#LinguisticsStudy; #SoundWaves; #WorldRecord
In study published on Dec 5, in the online journal PNAS Nexus, Kiel linguist Dr. Søren Wichmann, together with colleagues from China, demonstrates that average ambient temperatures influence the loudness of certain speech sounds. “Generally speaking, languages in warmer regions are louder than those in colder regions,” says Dr. Wichmann.
Languages are a key factor in human societies. They connect people, serve as a vehicle to pass on knowledge and ideas, but they also distinguish between different groups of people. Languages can therefore tell us a lot about the societies that use them. As languages are constantly changing, it is important to know the factors that play a role in this. Scientists can then reconstruct past processes on the basis of languages.
The physics of air influences speaking and hearing
The basic idea behind the study is that we are surrounded by air when we speak and listen. Spoken words are transmitted through the air as sound waves. The physical properties of air therefore influence how easy it is to produce and hear speech.
“On the one hand, the dryness of cold air poses a challenge to the production of voiced sounds, which require vibration of the vocal cords. On the other hand, warm air tends to limit unvoiced sounds by absorbing their high-frequency energy,” explains Dr. Wichmann.
These factors could favor a higher volume of certain speech sounds in warmer climates, known as sonority in scientific terms.
Extensive speech database helps with the analysis
Dr. Wichmann and his colleagues used the Automated Similarity Judgment Program (ASJP) database to test whether these factors actually have an effect on the development of languages. It currently contains the basic vocabulary of 5,293 languages and is constantly being expanded with the support of the ROOTS Cluster of Excellence.
Dr. Wichmann and his colleagues found that languages that occur around the Equator in particular have a high average sonority, languages in Oceania and Africa have the highest corresponding index. In contrast, the world record for low sonority belongs to the Salish languages on the northwest coast of North America.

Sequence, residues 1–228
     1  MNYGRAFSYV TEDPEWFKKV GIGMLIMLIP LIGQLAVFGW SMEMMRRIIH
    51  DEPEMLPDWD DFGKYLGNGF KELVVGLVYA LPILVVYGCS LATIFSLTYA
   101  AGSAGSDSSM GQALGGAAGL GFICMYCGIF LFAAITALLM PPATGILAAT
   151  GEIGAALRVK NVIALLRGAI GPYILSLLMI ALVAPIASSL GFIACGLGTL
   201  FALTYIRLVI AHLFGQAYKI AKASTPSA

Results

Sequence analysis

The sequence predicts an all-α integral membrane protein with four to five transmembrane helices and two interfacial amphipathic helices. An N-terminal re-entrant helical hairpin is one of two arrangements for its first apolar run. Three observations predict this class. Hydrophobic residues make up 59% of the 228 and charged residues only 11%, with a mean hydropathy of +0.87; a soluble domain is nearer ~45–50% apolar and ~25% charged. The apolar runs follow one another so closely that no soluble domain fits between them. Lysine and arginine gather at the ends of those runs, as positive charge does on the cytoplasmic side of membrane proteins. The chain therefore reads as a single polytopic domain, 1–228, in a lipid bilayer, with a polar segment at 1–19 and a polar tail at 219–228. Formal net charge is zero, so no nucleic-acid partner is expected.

However, there are some exceptions to this trend. For example, some languages in Central America and on the Southeast Asian mainland have a rather low mean sonority, even though they are spoken in very warm regions.
“Overall, however, we were able to establish a clear relationship between the mean sonority of language families and the mean annual temperature,” emphasizes Dr. Wichmann. The exceptions suggest that the effects of temperature on sonority develop only slowly and only shape the sounds of a language over centuries or even millennia.
New research approaches to phenomena of human societies
Scientists are currently intensively discussing the extent to which the environment shapes languages. “For a long time, research assumed that linguistic structures are self-contained and are not influenced in any way by the social or natural environment. More recent studies, including ours, are beginning to question this,” says Dr. Wichmann.
Studies like this could also open new paths to insights into human societies, for example on the topic of migration. “If languages adapt to their environment in a slow process lasting thousands of years, then they carry some clues about the environment of their predecessor languages,” says the Kiel linguist.